The Enigma of Anabolics for Her
I’ve become disgusted with overly simplistic discussions of female anabolic androgen steroid (AAS) use. The topic of women and steroids is by no means “easy” to comprehend.
To fully understand this topic requires challenging personal beliefs about biological differences between the sexes, typical “masculine” or “feminine” characteristics, and knowledge about the body. It involves understanding physiology, biomedicine, the endocrine system, hormones, and androgens specifically, while not forgetting to mix in “personalized medicine,” a method emphasizing evaluation and programming based on the individual and her uniquely dynamic characteristics. It demands a grasp of the physical and chemical properties of AAS, and basic clinical pharmacology of the effects of specific compounds is also essential.
The point is, women and steroids isn’t a topic for which you can simply search the Internet or ask a random bro. It’s an intricate subject and one that is, frankly, an enigma.
As an academic researcher, I’m not writing this as a scare tactic. In fact, I’m very critical of, and often appalled by, pseudoscientific, unethical, and propaganda-like scholarly publications preaching the “evils” of steroid use without citing relevant studies. Nothing irks me more than reading information, hearing conversations, and seeing firsthand the damaging results of uneducated and ill-informed bro-pharmacists. I recognize the dangerous influence of Dr. Juice; the contest prep cocktail isn’t just a concern for females but one for all AAS users, but a woman’s body is complicated.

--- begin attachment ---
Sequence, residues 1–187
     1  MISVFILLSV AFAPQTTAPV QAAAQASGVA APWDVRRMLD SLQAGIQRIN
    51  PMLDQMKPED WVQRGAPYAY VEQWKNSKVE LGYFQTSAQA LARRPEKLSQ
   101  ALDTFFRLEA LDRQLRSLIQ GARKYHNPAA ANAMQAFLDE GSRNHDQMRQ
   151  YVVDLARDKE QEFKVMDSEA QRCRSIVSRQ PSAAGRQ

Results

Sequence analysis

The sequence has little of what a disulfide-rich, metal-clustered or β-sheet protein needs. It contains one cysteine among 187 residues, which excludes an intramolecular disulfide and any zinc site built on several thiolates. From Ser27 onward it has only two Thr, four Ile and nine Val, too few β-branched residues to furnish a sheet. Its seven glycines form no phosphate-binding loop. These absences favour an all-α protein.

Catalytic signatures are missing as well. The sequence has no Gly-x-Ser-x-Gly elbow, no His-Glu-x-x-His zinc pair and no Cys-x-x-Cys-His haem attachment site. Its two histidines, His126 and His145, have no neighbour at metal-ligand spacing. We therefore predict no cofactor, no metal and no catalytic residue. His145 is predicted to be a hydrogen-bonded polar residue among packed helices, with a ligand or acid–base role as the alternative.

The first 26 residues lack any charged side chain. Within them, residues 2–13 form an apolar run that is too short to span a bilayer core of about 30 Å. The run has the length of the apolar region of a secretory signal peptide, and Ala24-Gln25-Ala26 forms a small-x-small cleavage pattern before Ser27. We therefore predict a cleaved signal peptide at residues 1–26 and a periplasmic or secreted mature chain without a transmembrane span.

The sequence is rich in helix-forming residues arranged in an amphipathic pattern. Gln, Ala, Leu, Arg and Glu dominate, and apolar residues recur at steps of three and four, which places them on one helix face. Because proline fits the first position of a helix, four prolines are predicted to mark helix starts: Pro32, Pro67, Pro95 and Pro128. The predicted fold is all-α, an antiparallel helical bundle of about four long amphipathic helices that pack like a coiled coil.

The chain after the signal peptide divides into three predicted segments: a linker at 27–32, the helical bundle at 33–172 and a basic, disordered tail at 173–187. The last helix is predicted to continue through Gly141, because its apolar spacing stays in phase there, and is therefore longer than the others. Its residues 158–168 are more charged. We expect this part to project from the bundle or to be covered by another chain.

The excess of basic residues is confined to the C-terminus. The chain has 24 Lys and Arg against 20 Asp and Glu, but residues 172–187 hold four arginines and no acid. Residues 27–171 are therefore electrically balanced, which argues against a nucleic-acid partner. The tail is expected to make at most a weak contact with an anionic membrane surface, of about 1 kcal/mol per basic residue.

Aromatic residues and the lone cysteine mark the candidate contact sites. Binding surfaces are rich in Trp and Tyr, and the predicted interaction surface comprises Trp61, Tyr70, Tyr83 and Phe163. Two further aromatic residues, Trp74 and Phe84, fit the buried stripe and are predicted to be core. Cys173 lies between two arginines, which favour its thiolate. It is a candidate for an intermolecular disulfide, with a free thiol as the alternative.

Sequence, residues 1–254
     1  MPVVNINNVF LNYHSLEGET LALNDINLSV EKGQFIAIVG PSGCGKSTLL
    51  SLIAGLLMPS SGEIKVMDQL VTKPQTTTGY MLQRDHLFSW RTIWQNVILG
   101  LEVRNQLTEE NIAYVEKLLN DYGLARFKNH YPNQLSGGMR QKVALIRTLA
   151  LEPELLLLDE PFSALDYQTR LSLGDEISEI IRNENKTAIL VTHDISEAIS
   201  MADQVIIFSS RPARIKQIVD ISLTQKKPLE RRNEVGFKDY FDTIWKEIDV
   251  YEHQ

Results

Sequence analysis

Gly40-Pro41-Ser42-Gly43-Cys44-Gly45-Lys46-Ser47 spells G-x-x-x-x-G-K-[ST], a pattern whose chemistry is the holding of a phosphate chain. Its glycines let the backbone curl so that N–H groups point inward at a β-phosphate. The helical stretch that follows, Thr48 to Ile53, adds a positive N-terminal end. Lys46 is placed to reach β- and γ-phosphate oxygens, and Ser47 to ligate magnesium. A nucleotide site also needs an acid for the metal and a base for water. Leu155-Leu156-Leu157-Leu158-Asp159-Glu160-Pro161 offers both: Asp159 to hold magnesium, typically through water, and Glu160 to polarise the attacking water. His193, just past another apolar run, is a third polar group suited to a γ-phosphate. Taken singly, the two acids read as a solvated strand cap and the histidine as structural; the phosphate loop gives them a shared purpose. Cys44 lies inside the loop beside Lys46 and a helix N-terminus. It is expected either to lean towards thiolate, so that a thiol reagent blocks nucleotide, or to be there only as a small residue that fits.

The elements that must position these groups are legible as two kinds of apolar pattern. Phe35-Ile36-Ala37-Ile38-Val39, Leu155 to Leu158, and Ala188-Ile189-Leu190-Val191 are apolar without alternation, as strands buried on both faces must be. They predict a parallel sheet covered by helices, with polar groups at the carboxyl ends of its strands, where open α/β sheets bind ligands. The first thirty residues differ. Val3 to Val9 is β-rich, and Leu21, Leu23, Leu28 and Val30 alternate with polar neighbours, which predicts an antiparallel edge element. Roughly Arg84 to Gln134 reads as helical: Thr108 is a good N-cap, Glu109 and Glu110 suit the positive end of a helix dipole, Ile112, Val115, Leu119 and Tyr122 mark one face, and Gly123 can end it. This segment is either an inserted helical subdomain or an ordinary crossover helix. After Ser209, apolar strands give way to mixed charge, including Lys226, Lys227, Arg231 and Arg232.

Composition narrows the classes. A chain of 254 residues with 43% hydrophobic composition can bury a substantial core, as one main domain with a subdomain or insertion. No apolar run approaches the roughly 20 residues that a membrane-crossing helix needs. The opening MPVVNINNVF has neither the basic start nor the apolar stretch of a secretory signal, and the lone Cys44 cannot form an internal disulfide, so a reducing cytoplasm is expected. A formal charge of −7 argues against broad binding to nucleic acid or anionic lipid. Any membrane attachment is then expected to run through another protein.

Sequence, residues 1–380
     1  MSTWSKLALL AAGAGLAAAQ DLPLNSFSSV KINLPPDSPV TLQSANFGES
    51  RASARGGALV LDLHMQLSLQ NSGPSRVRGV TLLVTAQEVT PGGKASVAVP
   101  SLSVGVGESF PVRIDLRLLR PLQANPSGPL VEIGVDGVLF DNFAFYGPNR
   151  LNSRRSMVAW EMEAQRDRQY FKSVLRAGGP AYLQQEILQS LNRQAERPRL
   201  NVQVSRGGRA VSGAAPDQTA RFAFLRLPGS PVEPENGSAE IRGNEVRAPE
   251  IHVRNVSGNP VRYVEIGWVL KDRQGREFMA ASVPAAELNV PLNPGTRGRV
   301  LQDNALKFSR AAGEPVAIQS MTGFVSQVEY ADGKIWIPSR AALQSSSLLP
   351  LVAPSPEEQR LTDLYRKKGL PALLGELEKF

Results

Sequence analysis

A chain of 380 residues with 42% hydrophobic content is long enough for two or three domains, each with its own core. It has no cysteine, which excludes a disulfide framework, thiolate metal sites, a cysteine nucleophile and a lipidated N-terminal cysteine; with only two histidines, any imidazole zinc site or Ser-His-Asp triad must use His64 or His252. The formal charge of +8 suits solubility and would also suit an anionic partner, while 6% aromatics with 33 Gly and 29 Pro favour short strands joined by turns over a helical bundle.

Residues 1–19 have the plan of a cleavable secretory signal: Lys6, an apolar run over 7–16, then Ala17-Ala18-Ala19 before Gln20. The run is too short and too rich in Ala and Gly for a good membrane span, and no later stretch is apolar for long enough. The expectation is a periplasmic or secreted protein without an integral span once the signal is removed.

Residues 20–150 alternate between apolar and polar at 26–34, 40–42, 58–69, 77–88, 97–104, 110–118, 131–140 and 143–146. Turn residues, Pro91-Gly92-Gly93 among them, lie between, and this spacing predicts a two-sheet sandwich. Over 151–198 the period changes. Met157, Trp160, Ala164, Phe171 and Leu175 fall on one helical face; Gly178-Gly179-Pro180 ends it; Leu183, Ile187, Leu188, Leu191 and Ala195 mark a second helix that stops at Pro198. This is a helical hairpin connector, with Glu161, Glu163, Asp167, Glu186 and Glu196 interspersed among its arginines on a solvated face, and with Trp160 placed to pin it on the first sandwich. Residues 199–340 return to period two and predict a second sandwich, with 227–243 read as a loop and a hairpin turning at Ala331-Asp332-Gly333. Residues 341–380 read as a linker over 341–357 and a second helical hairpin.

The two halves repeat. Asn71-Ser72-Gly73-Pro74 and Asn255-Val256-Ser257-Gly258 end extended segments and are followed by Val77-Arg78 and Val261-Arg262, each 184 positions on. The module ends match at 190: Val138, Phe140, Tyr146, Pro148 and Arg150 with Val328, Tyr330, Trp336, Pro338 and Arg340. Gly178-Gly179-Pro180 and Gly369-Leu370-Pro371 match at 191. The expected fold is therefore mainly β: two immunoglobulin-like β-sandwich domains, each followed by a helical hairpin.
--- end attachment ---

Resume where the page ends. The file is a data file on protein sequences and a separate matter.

Although AAS are a class of drugs often containing synthetic testosterone, we all have this steroidal hormone flowing naturally in our bodies. Of course there are large variations in natural (endogenous) levels of testosterone. Since we’re talking about women specifically, it should be noted that some females have high levels of androgens. In fact, androgen excess is the most common endocrine disorder in women of reproductive age.
Women naturally produce steroids in various parts of their bodies—primarily the adrenal glands and ovaries. Other tissues such as fat and skin can also assist in converting weak androgens to stronger ones. Furthermore, some women with excess androgens may have excess levels of circulating insulin (insulin resistance), which has a massive effect on metabolic function, and can manifest in a wide range of symptoms, including weight gain and lethargy. High androgens are also a common marker for an endocrine disorder called polycystic ovarian syndrome (PCOS). Currently there’s no research discussing how AAS may interact with PCOS, metabolic function, or the body’s ability to create and use androgens naturally.
All of this medical mumbo jumbo is hugely important to remember when discussing women and steroids for many reasons, including the fact that people seem to think the female body lacks any amount of androgens to begin with. Furthermore, there appears to be a complete lack of regard for the variance in natural levels of androgens, and the different ways in which women can metabolize these steroids. I told you, we’re complicated. But guess what? All of this gets more complex when you add in our abysmal knowledge of steroids in general.